Ukraine Suspends Crimean Power Repairs Amid Spat With Russia

  • Grid operator says protesters demanded work be halted
  • Electricity dispute has worsened tensions with Russia

Crimea declared a state of emergency on November 22, 2015 after its main electricity lines from Ukraine were blown up, leaving the Russian-annexed peninsula in darkness.

Photographer: Max Vetrov/AFP/Getty Images

Ukraine suspended repairs of sabotaged power lines that have left much of Crimea, annexed by Russia, with no electricity and heightened tensions between the two neighbors.

Grid operator Ukrenergo, which said earlier that work would be completed Thursday, halted restoration of the cables at 10 a.m. in the nearby Ukrainian region of Kherson, company spokesman Zynoviy Butsyo said by phone from Kiev. Ukrenergo stopped repairs at the request of protesters that include Crimean Tatars, he said. The group is demanding Crimean authorities release political prisoners.

“We handed over to the Crimean authorities a list of 10 political prisoners, including seven Crimean Tatars, whom we demand be released,” Ukrainian Tatar lawmaker Mustafa Jemilev said Thursday by phone. “If they release at least one, this won’t be enough, of course, but that would be a good sign for further dialogue.” 

The electricity outage has further strained ties with Russia, which accuses Ukraine of delays in restoring supplies. President Vladimir Putin said Wednesday the power cut happened with Ukraine’s “silent consent” and reaffirmed plans to install cables from Russia. The Tatars, some of whom left Crimea after Putin annexed the territory, had been blocking cargo, including food, from reaching the peninsula over what they call repression by the new authorities there.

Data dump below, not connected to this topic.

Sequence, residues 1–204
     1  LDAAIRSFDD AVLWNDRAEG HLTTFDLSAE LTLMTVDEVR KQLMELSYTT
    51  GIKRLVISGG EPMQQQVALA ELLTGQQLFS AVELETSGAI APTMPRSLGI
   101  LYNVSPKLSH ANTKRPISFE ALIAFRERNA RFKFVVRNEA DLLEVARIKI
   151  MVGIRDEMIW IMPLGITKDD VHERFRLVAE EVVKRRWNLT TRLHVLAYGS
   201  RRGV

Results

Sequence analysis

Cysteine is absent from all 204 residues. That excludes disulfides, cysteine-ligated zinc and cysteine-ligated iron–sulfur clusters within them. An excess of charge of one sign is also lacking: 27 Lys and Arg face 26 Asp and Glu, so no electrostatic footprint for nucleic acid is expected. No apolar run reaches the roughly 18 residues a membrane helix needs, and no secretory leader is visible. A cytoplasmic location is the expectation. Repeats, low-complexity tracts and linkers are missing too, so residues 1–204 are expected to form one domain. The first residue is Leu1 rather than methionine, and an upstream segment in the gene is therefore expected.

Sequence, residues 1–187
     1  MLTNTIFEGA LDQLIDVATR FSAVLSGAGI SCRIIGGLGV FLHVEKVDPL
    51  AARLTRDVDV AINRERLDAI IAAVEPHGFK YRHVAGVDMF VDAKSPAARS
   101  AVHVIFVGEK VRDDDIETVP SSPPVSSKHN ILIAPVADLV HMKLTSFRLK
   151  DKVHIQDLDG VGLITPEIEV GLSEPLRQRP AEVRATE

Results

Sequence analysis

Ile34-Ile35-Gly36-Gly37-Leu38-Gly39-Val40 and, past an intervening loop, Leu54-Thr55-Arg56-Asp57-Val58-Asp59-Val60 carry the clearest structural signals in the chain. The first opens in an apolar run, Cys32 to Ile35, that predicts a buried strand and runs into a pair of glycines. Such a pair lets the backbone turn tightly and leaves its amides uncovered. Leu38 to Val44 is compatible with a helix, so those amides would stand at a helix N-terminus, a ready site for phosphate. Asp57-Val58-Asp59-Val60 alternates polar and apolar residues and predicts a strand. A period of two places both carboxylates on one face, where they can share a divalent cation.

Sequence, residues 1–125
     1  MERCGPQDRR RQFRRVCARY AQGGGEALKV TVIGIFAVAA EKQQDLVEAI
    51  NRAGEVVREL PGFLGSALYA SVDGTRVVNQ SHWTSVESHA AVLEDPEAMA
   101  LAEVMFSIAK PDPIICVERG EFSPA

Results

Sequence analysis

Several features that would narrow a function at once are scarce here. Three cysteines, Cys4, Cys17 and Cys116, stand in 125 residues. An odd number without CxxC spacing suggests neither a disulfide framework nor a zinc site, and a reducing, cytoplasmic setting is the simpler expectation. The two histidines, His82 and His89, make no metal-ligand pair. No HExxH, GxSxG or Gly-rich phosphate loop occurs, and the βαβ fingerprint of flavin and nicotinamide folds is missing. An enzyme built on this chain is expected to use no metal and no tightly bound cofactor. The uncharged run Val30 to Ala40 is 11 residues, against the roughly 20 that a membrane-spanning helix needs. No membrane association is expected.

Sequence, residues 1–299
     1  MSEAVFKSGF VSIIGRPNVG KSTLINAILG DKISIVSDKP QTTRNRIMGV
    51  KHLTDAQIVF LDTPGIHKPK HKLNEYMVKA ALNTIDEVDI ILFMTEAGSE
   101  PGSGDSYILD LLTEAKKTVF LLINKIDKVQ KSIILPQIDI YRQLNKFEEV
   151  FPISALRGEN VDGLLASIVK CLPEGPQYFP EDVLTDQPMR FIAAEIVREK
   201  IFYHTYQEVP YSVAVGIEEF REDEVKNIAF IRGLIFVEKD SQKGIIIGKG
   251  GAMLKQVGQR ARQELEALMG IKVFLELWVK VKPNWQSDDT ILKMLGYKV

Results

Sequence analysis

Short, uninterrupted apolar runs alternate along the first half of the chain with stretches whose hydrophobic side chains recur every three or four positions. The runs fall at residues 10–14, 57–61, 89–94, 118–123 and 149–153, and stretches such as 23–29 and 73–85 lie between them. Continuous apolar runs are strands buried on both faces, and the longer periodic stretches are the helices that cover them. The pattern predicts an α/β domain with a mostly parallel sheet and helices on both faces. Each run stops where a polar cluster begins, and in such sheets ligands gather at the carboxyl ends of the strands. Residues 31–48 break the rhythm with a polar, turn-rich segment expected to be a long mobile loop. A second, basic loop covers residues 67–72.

Generators Sent

Access to the site remained blocked Thursday afternoon, Ukrenergo said in a statement on its website. A brigade is nearby, ready to complete the repairs, it said.

Ukraine imposed a temporary ban on cargo traffic to Crimea Monday at the demonstrators’ request. Russian Energy Minister Alexander Novak said Tuesday that the government in Moscow may seek reprisals for Ukrainian delays in restoring power supplies. Russia sent 600 power generators to Crimea, the peninsula’s government said Thursday on its website.

The Tatar community has complained some of its members have been jailed and gatherings have been banned, along with other forms of political oppression, since Russia’s annexation. In September, the Organization for Security and Cooperation in Europe said Russia’s annexation has given rise to restrictions of fundamental freedoms and human rights.

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